Belgian asylum reception far from child-friendly, research shows

Belgian asylum reception far from child-friendly, research shows
Credit: Ahmed Akacha / Pexels

Collective asylum reception in Belgium is poorly suited to cater to the needs of children and families, research by the Knowledge Centre for Family Sciences shows.

Children, both with family members or unaccompanied minors, make up nearly one-third of all residents in reception centres. At the beginning of 2022, there were more than 8,000 children in collective reception centres Belgium in, Bruzz reports.

To work on a coordinated vision for these children and families, Fedasil (the Federal Agency for the reception of asylum seekers) commissioned a study. After two years of research by the Knowledge Center for Family Sciences, the investigation will be presented to State Secretary for Asylum and Migration Sammy Mahdi.

The authors carried out research in nine reception centres across Belgium, interviewing 149 people including parents, children, reception staff and experts. “We see good practices, but also a lot of room for improvement,” they concluded.

Let kids be kids

Belgium’s asylum policy requires urgent attention to improve the child-friendliness of reception centres. This is both to guarantee international children’s rights and to give children as many opportunities as possible.

“The majority of the children interviewed indicated that they had indirectly or directly experienced forms of violence in the centres, ranging from bullying and fights to sexually abusive behaviour towards minors,” said researcher Katja Fournier.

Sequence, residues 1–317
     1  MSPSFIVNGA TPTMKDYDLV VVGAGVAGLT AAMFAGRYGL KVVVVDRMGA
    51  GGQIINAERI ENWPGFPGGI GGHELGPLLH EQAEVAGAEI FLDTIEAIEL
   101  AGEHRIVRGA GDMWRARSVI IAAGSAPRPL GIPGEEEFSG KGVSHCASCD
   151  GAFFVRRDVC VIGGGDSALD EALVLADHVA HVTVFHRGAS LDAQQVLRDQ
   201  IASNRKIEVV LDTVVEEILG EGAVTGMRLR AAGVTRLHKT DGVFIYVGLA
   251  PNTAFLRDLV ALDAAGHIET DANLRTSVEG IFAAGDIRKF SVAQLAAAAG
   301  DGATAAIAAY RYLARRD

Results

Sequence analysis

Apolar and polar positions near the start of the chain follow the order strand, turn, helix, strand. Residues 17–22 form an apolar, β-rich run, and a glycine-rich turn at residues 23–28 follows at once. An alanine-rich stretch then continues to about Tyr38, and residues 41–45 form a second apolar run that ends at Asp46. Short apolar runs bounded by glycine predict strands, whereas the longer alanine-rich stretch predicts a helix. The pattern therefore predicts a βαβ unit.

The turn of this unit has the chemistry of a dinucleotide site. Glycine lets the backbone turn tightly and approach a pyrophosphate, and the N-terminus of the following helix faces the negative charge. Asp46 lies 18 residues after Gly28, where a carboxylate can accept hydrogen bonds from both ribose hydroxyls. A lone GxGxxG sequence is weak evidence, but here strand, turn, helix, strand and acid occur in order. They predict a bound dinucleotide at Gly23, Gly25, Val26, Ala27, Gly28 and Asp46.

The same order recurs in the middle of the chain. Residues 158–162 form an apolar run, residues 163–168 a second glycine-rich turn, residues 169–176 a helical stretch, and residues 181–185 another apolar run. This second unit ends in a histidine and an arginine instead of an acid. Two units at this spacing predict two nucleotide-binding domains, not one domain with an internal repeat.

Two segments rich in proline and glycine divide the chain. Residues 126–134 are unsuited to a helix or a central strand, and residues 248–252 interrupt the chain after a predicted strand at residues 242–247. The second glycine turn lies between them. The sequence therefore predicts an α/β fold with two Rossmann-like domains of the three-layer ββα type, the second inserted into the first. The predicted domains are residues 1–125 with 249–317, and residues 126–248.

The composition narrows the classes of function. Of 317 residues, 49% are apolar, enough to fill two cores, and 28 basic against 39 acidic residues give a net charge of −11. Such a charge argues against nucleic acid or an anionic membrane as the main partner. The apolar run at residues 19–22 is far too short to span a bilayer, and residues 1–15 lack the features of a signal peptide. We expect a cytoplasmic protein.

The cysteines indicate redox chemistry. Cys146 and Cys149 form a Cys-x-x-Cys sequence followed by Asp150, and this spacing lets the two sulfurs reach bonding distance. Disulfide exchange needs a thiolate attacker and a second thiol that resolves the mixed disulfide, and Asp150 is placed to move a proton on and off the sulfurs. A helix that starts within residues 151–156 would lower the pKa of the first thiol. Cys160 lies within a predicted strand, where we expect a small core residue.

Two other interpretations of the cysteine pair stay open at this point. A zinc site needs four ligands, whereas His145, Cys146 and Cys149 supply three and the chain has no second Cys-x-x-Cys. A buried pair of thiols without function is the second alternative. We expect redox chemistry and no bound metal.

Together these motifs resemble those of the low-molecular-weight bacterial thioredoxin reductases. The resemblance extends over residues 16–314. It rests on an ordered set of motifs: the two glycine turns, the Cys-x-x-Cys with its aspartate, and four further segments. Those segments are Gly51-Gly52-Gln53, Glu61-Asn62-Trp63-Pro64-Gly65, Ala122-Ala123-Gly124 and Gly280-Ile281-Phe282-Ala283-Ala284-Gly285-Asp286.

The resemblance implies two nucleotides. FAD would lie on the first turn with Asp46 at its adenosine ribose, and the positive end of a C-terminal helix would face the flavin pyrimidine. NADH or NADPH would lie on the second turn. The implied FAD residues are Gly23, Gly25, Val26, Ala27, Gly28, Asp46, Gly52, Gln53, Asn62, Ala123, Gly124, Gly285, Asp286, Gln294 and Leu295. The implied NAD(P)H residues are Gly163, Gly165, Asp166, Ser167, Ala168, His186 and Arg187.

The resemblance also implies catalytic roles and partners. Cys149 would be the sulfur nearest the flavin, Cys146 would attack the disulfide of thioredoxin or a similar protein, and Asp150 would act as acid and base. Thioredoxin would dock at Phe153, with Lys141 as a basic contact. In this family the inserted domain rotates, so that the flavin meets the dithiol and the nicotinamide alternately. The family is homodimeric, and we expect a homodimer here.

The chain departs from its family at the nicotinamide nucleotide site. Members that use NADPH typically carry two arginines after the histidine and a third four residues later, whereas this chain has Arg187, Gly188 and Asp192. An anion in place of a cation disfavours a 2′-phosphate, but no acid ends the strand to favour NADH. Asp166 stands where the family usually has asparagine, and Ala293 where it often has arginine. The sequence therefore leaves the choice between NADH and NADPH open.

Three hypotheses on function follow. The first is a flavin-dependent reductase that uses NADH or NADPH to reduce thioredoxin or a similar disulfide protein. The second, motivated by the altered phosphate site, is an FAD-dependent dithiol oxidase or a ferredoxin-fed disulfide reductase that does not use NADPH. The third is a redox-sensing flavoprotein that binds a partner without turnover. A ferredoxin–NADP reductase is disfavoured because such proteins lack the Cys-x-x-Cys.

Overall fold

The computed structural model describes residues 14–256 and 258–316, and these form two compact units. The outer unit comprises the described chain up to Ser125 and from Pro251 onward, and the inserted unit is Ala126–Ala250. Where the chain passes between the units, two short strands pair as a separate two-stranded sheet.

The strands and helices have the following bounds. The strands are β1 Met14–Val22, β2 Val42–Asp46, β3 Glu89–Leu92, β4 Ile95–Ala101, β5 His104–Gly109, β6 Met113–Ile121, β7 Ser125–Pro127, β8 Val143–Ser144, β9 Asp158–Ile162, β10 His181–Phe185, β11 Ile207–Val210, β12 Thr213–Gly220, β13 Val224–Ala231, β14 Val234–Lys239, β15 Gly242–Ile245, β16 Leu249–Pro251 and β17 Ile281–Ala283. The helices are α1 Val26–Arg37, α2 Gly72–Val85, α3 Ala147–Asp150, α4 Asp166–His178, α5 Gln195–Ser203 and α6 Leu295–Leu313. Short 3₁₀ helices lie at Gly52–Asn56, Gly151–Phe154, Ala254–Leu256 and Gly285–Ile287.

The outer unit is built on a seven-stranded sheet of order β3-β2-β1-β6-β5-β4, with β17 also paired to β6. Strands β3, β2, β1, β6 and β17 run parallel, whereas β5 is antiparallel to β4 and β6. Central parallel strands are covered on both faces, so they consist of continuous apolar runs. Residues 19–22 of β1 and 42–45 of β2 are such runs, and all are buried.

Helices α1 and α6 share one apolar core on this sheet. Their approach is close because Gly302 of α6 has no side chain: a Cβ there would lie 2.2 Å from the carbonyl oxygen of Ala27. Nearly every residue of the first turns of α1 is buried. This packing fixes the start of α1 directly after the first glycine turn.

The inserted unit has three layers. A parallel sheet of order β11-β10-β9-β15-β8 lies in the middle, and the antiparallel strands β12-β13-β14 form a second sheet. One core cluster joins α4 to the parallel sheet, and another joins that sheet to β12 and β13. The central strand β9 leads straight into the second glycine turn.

The researchers see another challenge in improving the infrastructure of the collective reception centres; none of the over 80 reception centres in Belgium has ever been designed with children’s well-being in mind.

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Often, centres are former army barracks, hospitals, holiday camps, monasteries or office buildings. “Families have one room. In a limited number of centres parents can cook for their children themselves but in many places this is not possible. Separate sanitary facilities for children are often lacking.”

Parenting role

Parents in centres find their parenting role also being challenged. “In shelters, parents have little decision-making power: in most cases, they cannot decide for themselves what or when the family eats, what their room looks like or when to shower,” the study writs. This leads to tension between parents and staff about the exercise of parental responsibilities and supervision of children.

Furthermore, child-friendly asylum centres would improve the quality of life for all residents. “With the child vision that we have developed together, we propose positive measures, both in terms of support for families and in terms of safety and infrastructure.”

“That now requires far-reaching policy choices. The results of this study provide the State Secretary and the reception partners with practical tools to get started.”

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